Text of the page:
Imagine being a first-time college student fresh to the ”grown-up” world, grasping the responsibility of cleaning your dorm room, attending classes, paying for your meals and signing fraudulent student-loan forms through the guidance of an expert financial fraudster. Wait a minute…student-loan fraud wasn’t on the list of things to try in college! Unfortunately, that’s what happened to five California students who fell victim to a student-loan fraud scheme, according to a report from The Orange County Register.
The woman targeted her victims through her children. Between August and December 2007, she promised to help at least five of her children’s friends to secure financial aid for college. The students provided their personal information and followed her instructions to sign documents that ”they did not read or understand.’? (First lesson? read what you are signing!? Using the students’ information she successfully applied for and received approximately $262,000 in financial-aid loans. (She is good…my kids can’t get a penny!? Unfortunately for the students, she had no intention of helping them. Instead, she pocketed the cash for herself (the usual…cars, vacations, etc.), as well as used it to pay a previous debt to the state resulting from prior tax fraud charges. (She was taking responsibility for her debts. See…she has become a responsible citizen!)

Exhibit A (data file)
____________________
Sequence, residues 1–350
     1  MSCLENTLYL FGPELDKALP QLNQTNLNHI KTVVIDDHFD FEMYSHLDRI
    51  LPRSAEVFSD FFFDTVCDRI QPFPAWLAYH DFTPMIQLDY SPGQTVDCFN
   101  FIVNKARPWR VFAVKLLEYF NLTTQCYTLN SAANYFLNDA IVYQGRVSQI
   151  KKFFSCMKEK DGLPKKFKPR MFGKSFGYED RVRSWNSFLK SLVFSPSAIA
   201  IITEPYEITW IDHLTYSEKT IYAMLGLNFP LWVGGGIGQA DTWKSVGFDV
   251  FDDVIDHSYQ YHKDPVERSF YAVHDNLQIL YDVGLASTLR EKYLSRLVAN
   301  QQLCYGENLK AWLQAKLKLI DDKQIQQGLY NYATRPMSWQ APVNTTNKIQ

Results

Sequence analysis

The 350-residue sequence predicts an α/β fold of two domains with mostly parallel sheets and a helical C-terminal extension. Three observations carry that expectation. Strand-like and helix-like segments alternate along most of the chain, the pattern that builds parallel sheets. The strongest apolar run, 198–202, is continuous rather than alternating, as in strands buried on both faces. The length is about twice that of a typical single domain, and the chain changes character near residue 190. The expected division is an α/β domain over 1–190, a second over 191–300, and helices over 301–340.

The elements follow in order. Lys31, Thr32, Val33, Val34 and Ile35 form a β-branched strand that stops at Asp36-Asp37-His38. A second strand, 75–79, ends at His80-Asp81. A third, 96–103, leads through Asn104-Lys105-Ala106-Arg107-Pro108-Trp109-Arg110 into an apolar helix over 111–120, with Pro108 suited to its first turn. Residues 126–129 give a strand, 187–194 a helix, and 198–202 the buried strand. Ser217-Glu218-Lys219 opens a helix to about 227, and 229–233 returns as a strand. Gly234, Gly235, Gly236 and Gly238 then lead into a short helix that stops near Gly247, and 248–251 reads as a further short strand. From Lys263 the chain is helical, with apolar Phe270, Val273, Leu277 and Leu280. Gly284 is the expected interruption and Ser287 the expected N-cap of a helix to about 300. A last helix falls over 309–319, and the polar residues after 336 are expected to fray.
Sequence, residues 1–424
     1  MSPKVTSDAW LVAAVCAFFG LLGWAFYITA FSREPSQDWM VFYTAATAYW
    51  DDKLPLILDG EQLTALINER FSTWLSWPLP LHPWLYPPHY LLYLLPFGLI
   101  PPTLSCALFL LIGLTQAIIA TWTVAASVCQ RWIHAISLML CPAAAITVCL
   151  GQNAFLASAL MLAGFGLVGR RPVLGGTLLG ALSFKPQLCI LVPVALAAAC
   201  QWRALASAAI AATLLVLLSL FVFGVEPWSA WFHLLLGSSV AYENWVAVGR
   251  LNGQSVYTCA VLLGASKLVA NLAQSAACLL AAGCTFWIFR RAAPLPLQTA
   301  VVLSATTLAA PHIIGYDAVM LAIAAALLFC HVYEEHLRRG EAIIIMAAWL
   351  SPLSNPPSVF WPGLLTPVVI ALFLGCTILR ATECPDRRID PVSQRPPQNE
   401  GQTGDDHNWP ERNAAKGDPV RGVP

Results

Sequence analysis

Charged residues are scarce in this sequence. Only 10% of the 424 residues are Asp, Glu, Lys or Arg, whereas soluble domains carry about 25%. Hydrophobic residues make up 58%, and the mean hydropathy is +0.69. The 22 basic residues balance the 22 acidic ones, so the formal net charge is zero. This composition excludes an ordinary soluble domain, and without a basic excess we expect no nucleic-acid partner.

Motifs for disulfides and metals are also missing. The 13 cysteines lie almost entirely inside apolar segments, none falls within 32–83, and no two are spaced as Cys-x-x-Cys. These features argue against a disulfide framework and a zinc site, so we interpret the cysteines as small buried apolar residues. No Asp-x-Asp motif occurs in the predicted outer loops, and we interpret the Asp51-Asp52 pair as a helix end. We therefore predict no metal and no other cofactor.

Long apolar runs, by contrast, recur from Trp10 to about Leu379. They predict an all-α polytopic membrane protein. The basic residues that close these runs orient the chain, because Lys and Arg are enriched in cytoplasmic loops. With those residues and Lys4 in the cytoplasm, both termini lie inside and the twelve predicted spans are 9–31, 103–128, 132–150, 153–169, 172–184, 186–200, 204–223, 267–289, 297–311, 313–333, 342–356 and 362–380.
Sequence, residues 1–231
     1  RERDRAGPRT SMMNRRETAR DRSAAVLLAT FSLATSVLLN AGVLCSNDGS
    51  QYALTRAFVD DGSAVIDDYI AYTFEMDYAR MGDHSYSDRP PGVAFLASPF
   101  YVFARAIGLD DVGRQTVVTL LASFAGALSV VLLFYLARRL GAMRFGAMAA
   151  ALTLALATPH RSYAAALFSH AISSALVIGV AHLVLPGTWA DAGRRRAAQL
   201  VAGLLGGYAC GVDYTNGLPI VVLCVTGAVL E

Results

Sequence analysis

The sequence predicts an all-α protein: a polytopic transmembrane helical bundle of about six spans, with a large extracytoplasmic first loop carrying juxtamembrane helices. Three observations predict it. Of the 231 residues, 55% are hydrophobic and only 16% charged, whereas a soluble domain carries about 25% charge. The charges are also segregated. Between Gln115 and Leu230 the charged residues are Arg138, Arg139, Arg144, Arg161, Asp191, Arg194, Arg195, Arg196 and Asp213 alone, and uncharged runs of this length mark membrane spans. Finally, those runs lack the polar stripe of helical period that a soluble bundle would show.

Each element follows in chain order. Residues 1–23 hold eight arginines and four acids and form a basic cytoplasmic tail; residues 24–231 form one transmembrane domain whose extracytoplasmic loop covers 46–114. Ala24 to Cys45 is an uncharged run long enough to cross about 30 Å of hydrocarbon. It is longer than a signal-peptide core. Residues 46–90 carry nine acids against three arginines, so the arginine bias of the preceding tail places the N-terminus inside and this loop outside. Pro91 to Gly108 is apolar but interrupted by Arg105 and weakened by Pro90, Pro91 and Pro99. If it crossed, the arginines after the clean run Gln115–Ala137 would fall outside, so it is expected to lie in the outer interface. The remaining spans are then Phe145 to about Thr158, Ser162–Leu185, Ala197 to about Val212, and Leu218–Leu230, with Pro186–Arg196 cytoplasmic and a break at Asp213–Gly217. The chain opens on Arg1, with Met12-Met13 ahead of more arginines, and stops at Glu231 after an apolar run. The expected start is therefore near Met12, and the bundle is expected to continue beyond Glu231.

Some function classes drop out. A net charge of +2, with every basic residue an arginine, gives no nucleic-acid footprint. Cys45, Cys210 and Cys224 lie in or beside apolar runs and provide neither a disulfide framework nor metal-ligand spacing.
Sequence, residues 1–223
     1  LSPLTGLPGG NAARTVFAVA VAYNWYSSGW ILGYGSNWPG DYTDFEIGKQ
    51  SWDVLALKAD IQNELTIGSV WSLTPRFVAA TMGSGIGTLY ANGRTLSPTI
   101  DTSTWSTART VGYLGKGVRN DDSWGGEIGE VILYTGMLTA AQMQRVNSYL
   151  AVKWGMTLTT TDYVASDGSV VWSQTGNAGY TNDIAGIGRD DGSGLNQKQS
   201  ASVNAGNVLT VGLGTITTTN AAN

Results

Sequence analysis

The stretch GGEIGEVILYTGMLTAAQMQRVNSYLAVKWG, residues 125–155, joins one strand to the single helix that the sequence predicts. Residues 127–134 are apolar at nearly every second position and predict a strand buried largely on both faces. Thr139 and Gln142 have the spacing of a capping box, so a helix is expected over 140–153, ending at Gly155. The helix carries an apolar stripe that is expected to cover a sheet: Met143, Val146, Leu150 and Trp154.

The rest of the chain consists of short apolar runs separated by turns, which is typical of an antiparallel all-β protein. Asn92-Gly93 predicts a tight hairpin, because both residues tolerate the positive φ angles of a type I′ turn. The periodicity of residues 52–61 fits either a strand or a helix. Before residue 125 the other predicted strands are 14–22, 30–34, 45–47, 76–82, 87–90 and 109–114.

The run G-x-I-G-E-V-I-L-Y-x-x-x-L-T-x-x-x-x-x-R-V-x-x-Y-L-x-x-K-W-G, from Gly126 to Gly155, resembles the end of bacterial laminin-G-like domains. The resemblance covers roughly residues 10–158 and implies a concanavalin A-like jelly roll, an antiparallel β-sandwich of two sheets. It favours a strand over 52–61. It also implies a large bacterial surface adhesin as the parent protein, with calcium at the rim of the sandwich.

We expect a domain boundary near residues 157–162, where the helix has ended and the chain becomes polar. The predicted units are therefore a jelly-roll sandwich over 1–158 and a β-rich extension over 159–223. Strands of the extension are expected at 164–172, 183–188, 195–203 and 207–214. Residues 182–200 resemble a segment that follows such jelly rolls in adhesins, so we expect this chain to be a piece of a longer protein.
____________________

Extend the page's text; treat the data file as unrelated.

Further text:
Now she’s going to prison for seven years. She recently pleaded guilty to 13 felony counts that included grand theft, money laundering, identity theft, and filing a false tax return, as well as sentencing enhancements/allegations for aggravated white collar crime over $100,000. She must also pay $262,000 in restitution, plus $31,000 to the State Franchise Tax Board and $524,000 in fines to the county.
Here, it is safe to say that both parties ”got schooled.’? The fraudster was caught and the students learned a couple of important lessons? 1) know what you are signing and 2) be cautious about sharing your personal information. We’d all do well to keep those same lessons in mind next time we think about signing on the dotted line.
Source: Today’s ”Fraud of the Day” is based on an article entitled, ”Woman gets 7 years for student loan scheme,” by Vik Jolly, published by The Orange County Register, January 6, 2012.
SANTA ANA A Laguna Hills woman was sentenced Friday to seven years in prison for bilking at least five students out of $262,000 in a student-loan fraud scheme to pay restitution in another financial crime.
Carla Ann Brennan, 63, also used the money for personal use, the Orange County District Attorney’s Office said.